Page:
Amy Winehouse: A Family Portrait


Chief Curator: Orit Shaham Gover | Exhibition Curators: Alex Winehouse, Elizabeth Selby, Jewish Museum London | Curator in Israel: Asaf Galay

Opening: October 7, 2014

Amy Winehouse, courtesy of photographer Charles Moriarty

‘Being Jewish to me is about being together as a real family. It is not about lighting candles and saying “brocha”, Amy Winehouse, 2005

 

The career of Amy Winehouse (1983-2011) spanned eight years and she achieved huge critical acclaim for her albums and live performances. Her worldwide success brought many plaudits including Grammy, BRIT and Ivor Novello awards. In 2011 Back to Black was the best-selling album in the UK in the 21st century.

Amy Winehouse: A Family Portrait is an original exhibition about Amy Winehouse, curated by the Jewish Museum London with help from her brother Alex. After being successfully displayed in London, the exhibition travelled to the Jewish Museum in Vienna and starting on October 7 – at Beit Hatfutsot.

The exhibition includes a selection of Amy’s belongings, such as her guitar, record collection and iconic outfits. This exhibition celebrates her passion for music, fashion, London and her family. Photographs are an important part of the exhibition and Amy’s own battered suitcase crammed with photographs of friends and family will be on display. It is this suitcase that Amy insisted her father to come to look through with her a couple of days before her death in 2011 – the last time he saw her.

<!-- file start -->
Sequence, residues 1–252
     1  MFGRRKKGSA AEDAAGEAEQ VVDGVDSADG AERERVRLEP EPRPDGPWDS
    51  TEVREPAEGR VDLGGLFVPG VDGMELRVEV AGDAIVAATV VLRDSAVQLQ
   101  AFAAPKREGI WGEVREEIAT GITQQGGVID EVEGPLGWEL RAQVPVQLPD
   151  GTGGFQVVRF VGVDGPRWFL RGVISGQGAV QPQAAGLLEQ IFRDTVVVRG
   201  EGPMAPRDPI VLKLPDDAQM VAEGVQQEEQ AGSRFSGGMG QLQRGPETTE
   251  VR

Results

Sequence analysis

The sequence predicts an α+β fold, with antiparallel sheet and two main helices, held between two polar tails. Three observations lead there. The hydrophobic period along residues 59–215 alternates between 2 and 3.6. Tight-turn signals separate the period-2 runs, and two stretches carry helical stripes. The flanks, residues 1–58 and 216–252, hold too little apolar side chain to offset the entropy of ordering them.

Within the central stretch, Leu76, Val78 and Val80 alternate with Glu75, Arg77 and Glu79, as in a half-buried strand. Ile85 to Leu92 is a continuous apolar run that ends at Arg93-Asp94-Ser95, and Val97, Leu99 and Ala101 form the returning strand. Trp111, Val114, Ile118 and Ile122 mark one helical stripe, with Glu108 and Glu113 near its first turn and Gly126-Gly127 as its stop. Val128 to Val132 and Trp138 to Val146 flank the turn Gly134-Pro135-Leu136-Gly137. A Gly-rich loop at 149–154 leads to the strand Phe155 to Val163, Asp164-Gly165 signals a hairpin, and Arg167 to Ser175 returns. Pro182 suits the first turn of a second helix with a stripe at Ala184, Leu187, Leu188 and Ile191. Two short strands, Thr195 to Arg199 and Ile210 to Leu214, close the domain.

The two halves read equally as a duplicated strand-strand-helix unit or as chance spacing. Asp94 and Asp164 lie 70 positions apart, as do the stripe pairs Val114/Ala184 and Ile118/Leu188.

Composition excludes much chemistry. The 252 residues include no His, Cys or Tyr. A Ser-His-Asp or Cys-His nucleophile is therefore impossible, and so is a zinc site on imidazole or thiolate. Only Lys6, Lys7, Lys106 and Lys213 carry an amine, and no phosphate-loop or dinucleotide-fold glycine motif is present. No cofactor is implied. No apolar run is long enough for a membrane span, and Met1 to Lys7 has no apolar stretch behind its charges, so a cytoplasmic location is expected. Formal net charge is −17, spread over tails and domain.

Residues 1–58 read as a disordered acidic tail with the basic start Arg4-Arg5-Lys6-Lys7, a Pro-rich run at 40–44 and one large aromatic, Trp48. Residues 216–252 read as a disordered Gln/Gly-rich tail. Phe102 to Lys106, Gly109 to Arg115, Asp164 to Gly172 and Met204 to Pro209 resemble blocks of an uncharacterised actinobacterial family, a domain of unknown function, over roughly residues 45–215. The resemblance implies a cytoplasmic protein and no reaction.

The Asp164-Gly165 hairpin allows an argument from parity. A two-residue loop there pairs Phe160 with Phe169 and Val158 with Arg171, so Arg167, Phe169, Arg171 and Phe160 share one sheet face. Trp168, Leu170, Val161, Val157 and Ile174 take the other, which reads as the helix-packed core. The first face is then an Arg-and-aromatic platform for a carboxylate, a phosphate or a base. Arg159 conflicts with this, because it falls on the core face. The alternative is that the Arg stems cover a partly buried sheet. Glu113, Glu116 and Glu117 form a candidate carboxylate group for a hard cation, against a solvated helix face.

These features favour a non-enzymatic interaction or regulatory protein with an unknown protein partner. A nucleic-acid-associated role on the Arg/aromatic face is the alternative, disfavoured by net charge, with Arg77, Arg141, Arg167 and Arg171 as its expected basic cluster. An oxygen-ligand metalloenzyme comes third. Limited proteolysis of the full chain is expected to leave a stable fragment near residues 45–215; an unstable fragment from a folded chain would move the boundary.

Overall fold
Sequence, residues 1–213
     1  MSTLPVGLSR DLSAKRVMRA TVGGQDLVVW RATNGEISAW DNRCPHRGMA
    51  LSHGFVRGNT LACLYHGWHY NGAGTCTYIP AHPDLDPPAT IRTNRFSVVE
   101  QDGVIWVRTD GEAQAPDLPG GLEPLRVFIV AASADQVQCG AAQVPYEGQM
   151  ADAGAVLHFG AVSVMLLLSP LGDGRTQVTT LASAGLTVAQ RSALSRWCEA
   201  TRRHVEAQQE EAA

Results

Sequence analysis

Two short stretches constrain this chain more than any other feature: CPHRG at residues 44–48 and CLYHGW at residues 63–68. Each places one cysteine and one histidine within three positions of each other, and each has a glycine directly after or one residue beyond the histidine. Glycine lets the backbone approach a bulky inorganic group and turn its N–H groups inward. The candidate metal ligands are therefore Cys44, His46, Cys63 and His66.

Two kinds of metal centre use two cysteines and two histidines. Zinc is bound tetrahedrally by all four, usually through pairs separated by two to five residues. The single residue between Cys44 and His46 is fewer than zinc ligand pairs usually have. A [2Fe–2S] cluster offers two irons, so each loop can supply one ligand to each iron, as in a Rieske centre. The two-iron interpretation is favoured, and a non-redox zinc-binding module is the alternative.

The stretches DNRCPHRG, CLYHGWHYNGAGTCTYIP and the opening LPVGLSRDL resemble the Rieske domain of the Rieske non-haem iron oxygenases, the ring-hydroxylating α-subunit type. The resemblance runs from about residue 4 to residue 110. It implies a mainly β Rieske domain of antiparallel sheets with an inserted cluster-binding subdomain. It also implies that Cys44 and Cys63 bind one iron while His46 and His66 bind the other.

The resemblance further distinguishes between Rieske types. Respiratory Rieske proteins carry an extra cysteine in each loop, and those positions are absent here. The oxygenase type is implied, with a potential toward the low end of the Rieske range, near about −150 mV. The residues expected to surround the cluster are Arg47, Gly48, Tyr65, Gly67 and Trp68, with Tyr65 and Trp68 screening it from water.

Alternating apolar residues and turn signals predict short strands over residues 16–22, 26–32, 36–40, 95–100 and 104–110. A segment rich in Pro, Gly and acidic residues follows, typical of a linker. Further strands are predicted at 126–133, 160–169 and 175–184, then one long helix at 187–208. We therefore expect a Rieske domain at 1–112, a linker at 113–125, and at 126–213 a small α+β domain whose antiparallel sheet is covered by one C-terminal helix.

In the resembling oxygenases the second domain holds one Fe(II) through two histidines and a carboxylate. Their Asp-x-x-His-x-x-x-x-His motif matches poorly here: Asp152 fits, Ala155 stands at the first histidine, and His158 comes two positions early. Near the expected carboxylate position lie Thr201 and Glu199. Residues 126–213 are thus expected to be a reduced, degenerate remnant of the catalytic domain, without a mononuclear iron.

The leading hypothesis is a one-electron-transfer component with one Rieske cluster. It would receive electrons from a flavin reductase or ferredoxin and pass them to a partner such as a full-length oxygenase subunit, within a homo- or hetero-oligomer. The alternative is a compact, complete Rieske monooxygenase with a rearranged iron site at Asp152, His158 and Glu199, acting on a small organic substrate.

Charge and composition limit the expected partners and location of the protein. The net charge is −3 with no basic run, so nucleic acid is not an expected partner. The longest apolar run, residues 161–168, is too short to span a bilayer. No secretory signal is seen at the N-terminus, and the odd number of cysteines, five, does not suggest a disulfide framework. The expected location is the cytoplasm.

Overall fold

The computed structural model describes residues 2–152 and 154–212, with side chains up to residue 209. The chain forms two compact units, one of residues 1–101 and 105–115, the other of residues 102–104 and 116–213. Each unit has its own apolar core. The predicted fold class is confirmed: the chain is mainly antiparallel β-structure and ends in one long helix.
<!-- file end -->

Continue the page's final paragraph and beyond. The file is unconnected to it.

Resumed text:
The exhibition is taking visitors beyond the hype to show them Amy’s life in a family context. Alex Winehouse: “Amy was someone who was incredibly proud of her Jewish-London roots. We weren’t religious, but we were traditional. I hope that the world gets to see this other side not just of Amy, but of our typical Jewish family”.

“Amy Winehouse – A Family Portrait” offers us a look at the reality of tradition and innovation, uniqueness and integration, external and internal, of the lifestyle and identity of British Jewry. A preamble to the exhibition will present the story of the great Jewish migration to London at the late 19th century, of which the Winehouse family was a part of.

Young Amy, courtesy of Jewish Museum London and Winehouse Family

Young Amy, courtesy of Jewish Museum London and Winehouse Family

Amy and family at Alex's barmitzvah party, 1992, courtesy of  Jewish Museum London and Winehouse Family

Amy and family at Alex’s barmitzvah party, 1992, courtesy of Jewish Museum London and Winehouse Family

The Amy Winehouse Foundation

The tragic passing of Amy on July 23rd  2011, aged 27, left not only her family and close friends heart broken, but had a huge impact on people all over the world. Amy’s family launched the Amy Winehouse Foundation on September 14th 2011, on what would have been Amy’s 28th birthday. The Amy Winehouse Foundation has been set up in Amy’s memory to prevent the effects of drug and alcohol misuse on young people. They also aim to support, inform and inspire vulnerable and disadvantaged young people to help them reach their full potential.

 

Alex Winehouse, Amy’s brother, is the Creative Director of the Amy Winehouse Foundation

 

Amy Winehouse. Courtesy of Charles Moriarty

Amy Winehouse. Courtesy of Charles Moriarty

The exhibition in cooperation with


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The exhibition at Beit Hatfutsot is sponsored by


 

 

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